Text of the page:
How does that “simple” logic factor in the rising price of fuel?

  32. smoothtom says:

    The airlines already rely on public subsidy–they don’t own the airports, they don’t build the approach roads that allow people to drive to the airports, they don’t run the air traffic control system that keeps planes from slamming into each other. Imagine if our ticket prices had to cover THOSE costs as well. We’re going to have to determine how much of a public good affordable air travel is and decide what to do when fuel prices make it unaffordable to most people.

  33. flyingphotog says:

    Here’s a formula airlines can’t seem to follow that many other industries adhere to.

    1. Raise fares to cover fuel expenses.
    2. Reduce flights and aircraft to meet demand after less passengers are willing to fly. This will cut operating costs.

    Here’s the formula (most) airlines seem to follow, that got us to where we are today.

    1. Operating costs go up, company loses millions quarter after quarter, pissing off shareholders.
    2. Furlough thousands of employees.
    3. Demand remaining employees take a 30% paycut, pissing off employees.
    4. Executives give themselves bonuses, pissing off employees.
    5. Customer service drops, more bags “lost”, pissing off passengers.
    6. Chapter 11.
    7. CEO bails out with Golden Parachute.
    8. Rinse / Repeat

  34. BigElectricCat says:

    @bradanomics:

    Gerry Grinstein at Delta (this was a few years ago) refused all bonuses and stock options, and took a salary of only $500,000.

    Of course, that was after that bastard Leo Mullen damn near flew Delta into the side of a mountain.

  35. BigElectricCat says:

    @humphrmi:

    That’s quite a coincidence, given that First Class fares are often coded “F” by the airlines.

    Pay an F fare, and you get the extra recline for free, and you don’t have to tell anyone to F themselves.

    Of course, the airlines could just remove all the seats and install hangstraps and grab bars. Then seat recline wouldn’t be a problem since everyone would have to stand.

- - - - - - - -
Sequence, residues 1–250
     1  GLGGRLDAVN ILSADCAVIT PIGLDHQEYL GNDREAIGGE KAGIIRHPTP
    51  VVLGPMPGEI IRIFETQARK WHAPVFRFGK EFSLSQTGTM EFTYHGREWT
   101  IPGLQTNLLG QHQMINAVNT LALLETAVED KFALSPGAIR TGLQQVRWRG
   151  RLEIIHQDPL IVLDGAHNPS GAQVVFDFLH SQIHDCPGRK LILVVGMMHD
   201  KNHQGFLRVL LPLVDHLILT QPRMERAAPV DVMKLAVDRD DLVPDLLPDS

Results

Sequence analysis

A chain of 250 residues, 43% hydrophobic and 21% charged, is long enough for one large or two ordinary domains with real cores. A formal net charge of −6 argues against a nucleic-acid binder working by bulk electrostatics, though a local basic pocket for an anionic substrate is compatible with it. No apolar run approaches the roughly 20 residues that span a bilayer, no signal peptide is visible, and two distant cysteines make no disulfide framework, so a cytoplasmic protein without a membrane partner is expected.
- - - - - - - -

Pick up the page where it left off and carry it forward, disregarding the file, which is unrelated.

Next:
36. flyingphotog says:

    @dragonfire81:

    Let’s say it takes 10,000 flights to fly those million customers (100 pax per flight). After fares go up to $175, maybe 850,000 passengers are still going to fly. So now you only need to fly 8,500 flights instead of 10,000. This would be substantial savings to the airline by not operating those 1,500 extra flights.

  37. Chairman-Meow says:

    Again, the Dinosaurs speak.

    I would gladly pay more for my ticket IF they would just give me a complete price on the ticket INCLUDING all the fees BEFORE I buy. Also, treating me like a human being instead of a cow at the slaughterhouse would be beneficial too.

  38. buckfutt says:

    Whoops, Southwest is on target to make half a BILLION in profit this year, and they sure aren’t talking about raising their prices.

    Try again, boys.

  39. unklegwar says:

    I hate the airlines as much as the next guy, but, reality has to set in sometime. You can’t have fuel costs rising and expect to NOT see significant price hikes. You pay it at the pump for your car, why should planes be any different?

  40. synergy says:

    How about lowering CEO salaries 15-20%?

  41. picardia says:

    ITA that price hikes due to oil costs are inevitable. But it would be nice to see (a) cutbacks in the executive suites, (b) some basic accountability for customers and (c) more straightforward pricing.

    I’m very glad I bought the tickets for my fall vacation last week.

  42. mk says:

    The fact of the matter is, airline fees are going to increase because fuel is going up. However, there is a way to mitigate this cost to you – stop flying. I know some people have to fly for work. But you don’t HAVE to take a European vacation. You don’t HAVE to fly to the Bahamas in February. If we didn’t expect the cost of a plane ticket to be the same as taking a bus and if we didn’t think it was our right to travel half way around the world to entertain ourselves, then maybe we’d accomplish a better airline industry and a cleaner earth. Sure, there are lots of other issues with the airlines, but consumers are part of the problem. We demand cheap flight. We demand to get across the country at the time we want . We demand that flights are flown if they’re not full. Apparently the airline industry can no longer sustain this, and now we have to pay for it – with more than money.

  43. flyingphotog says:

    We can bitch and moan all we want here, but to make an impact you have to vote with your wallet.

  44. Buckus says:

    Prices rise. It is inevitable. I would appreciate more straightforward pricing, though, none of this “$99 fare” and then tack on $100 in “fees.” Maybe there should be a law that requires airlines to quote their tickets inclusive of ALL fees. Otherwise, we can’t expect them to lose money forever, because if they do there will be only a few airlines in a few years. Then you’ll REALLY see what high prices are.